Prigger bases her engaging debut on an incident in her own family. The setting is 1920, so Minnie can’t be considered obsessive-compulsive; instead, she’s a woman with a system for keeping things shipshape and just so. Her farmhouse is trim and neat, as is her garden and barn. Her neighbors snipe that it’s a good thing that Minnie, a spinster, has no children, who would surely interfere with her system. Then the telegram arrives: “Come quick. Your brother and his wife have had an accident. Their children are orphans in need of a home.” Aunt Minnie goes and gathers the children, all nine of them, in a thrice. The neighbors look on with amazement (as will readers) when all the potential for pandemonium is breezily absorbed into Aunt Minnie’s system: “The oldest looked after the youngest. The ones in the middle looked after each other. And Aunt Minnie looked after them all.” Tweak this template a little, and it works for grocery shopping, housework, bathing, and going to the johnny house. There are episodes of stubbornness and fretting, dawdling, pouting, and crying; there is also noise, music, laughter, and hugging, all captured with elemental clarity and a visual caress in Lewin’s watercolors. This story is a sweet and simple song of grace, love, and responsibilities met; it will leave children aglow and adults in tears. (Picture book. 4-8)

Pub Date: March 22, 1999

ISBN: 0-395-82270-X

Page Count: 40

Publisher: Clarion Books

Review Posted Online: May 20, 2010

Kirkus Reviews Issue: March 1, 1999

Did you like this book?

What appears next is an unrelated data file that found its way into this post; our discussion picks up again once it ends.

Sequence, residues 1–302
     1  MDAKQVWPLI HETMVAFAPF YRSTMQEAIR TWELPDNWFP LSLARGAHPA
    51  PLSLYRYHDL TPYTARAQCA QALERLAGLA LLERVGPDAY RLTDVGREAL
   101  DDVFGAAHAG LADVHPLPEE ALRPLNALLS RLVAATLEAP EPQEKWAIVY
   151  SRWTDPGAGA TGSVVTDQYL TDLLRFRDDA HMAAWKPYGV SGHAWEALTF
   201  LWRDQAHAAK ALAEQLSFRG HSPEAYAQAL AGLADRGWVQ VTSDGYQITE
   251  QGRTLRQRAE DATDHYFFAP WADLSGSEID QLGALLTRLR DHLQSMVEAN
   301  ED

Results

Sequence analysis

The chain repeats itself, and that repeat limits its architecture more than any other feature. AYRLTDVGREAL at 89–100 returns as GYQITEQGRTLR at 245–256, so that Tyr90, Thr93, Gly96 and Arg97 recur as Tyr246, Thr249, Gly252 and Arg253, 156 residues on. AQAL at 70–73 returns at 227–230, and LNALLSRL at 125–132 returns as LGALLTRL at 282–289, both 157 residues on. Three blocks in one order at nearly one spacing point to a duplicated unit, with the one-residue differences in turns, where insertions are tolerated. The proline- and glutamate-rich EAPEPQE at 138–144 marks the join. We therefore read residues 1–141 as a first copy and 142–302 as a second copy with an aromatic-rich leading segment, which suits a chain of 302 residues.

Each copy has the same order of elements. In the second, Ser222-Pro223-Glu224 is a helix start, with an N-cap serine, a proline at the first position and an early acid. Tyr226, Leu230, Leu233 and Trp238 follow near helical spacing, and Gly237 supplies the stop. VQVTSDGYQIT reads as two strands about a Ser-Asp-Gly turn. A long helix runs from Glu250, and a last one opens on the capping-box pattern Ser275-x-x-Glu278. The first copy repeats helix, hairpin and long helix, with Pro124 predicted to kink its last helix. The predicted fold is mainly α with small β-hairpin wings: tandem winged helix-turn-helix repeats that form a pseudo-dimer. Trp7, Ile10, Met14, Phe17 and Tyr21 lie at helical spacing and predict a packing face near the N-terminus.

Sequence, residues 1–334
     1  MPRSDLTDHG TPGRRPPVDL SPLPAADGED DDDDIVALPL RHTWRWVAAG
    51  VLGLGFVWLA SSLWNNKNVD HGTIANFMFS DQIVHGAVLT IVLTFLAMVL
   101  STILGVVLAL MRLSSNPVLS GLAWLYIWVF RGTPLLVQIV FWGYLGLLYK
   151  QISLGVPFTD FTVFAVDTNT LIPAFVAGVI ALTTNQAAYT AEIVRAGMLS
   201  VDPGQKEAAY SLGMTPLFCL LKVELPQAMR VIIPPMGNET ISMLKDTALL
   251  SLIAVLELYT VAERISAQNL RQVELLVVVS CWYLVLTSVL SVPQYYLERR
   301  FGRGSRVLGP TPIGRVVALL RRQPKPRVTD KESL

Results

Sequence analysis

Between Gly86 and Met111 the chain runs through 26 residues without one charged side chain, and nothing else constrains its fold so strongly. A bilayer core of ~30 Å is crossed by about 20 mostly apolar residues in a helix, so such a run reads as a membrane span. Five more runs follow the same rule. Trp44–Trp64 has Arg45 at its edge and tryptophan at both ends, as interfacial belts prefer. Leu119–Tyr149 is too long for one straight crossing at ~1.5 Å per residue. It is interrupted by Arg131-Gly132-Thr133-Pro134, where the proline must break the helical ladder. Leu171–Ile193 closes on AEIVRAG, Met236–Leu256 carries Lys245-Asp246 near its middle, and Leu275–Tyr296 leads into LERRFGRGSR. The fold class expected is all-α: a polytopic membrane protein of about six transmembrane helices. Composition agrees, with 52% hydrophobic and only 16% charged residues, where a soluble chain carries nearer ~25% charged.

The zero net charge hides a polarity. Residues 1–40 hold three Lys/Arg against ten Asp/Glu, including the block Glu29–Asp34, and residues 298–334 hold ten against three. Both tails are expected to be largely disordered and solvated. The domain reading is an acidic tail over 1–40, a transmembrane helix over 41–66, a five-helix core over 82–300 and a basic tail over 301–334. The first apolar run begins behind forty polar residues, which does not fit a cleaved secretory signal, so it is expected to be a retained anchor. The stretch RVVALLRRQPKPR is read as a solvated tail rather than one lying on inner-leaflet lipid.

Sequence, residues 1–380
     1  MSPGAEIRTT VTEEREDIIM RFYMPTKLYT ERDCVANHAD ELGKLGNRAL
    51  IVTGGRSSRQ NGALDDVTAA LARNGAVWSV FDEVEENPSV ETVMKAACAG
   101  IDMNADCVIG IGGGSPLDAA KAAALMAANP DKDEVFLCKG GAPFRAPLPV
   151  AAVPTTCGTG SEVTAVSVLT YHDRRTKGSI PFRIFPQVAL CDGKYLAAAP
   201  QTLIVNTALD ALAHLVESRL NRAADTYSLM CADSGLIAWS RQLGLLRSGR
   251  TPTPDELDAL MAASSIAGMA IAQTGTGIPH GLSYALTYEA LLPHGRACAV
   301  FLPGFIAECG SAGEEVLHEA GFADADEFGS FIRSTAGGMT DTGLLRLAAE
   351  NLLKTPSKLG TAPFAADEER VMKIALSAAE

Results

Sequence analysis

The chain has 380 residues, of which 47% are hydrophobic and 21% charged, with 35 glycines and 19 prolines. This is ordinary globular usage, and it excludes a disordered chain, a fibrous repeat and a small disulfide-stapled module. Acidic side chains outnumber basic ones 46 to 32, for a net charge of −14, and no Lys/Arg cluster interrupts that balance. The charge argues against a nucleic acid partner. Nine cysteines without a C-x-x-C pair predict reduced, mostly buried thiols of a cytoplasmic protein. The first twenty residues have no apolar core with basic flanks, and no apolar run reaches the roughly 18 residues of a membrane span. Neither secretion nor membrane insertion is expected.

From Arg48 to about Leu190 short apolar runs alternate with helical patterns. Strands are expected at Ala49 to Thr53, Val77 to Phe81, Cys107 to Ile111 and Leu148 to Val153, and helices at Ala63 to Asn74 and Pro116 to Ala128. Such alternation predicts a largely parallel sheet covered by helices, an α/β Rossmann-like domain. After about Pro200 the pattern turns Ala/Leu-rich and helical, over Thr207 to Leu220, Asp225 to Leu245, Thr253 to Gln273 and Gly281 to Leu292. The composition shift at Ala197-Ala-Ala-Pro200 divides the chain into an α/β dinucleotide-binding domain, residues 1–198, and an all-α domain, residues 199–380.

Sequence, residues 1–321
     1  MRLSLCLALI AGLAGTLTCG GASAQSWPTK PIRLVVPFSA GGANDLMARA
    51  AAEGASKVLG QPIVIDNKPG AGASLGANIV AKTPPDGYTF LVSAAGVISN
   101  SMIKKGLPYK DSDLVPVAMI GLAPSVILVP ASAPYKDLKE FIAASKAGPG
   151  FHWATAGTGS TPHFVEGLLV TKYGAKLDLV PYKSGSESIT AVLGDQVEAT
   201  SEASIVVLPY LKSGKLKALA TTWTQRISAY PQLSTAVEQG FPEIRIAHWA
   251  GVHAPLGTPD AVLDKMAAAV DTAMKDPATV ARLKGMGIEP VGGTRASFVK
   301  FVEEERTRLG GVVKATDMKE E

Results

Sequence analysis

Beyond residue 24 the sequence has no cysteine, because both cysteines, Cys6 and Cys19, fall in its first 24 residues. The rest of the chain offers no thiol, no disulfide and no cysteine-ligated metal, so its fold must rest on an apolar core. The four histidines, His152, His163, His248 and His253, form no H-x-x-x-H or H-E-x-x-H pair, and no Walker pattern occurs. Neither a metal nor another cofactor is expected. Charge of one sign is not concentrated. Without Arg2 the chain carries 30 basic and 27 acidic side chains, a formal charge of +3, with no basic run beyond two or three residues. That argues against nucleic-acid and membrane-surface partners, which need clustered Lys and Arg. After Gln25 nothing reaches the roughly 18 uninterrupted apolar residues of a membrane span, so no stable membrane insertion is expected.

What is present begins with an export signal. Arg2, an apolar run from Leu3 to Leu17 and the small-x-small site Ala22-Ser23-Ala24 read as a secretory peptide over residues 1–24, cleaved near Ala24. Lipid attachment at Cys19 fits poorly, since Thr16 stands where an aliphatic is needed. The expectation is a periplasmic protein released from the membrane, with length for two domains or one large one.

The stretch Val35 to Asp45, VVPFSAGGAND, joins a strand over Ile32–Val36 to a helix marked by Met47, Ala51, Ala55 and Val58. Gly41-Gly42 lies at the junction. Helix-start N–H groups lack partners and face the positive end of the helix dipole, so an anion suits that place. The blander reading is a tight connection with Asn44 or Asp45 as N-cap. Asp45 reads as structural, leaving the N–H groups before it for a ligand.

No Comments Yet


There is something profoundly elemental going on in Smalls’s book: the capturing of a moment of unmediated joy. It’s not melodramatic, but just a Saturday in which an African-American father and son immerse themselves in each other’s company when the woman of the house is away. Putting first things first, they tidy up the house, with an unheralded sense of purpose motivating their actions: “Then we clean, clean, clean the windows,/wipe, wipe, wash them right./My dad shines in the windows’ light.” When their work is done, they head for the park for some batting practice, then to the movies where the boy gets to choose between films. After a snack, they work their way homeward, racing each other, doing a dance step or two, then “Dad takes my hand and slows down./I understand, and we slow down./It’s a long, long walk./We have a quiet talk and smile.” Smalls treats the material without pretense, leaving it guileless and thus accessible to readers. Hays’s artwork is wistful and idyllic, just as this day is for one small boy. (Picture book. 5-8)

Pub Date: April 1, 1999

ISBN: 0-316-79899-1

Page Count: 32

Publisher: Little, Brown

Review Posted Online: May 20, 2010

Kirkus Reviews Issue: April 1, 1999

Did you like this book?

No Comments Yet


One of a four-book series designed to help the very young prepare for new siblings, this title presents a toddler-and-mother pair (the latter heavily pregnant) as they read about new babies, sort hand-me-downs, buy new toys, visit the obstetrician and the sonographer, speculate and wait. Throughout, the child asks questions and makes exclamations with complete enthusiasm: “How big is the baby? What does it eat? I felt it move! Is it a boy or girl?” Fuller’s jolly pictures present a biracial family that thoroughly enjoys every moment together. It’s a bit oversimplified, but no one can complain about the positive message it conveys, appropriately, to its baby and toddler audience. The other titles in the New Baby series are My New Baby (ISBN: 978-1-84643-276-7), Look at Me! (ISBN: 978-1-84643-278-1) and You and Me (ISBN: 978-1-84643-277-4). (Board book. 18 mos.-3)

Pub Date: Jan. 1, 2010

ISBN: 978-1-84643-275-0

Page Count: 12

Publisher: Child's Play

Review Posted Online: June 3, 2010

Kirkus Reviews Issue: May 15, 2010

Did you like this book?

No Comments Yet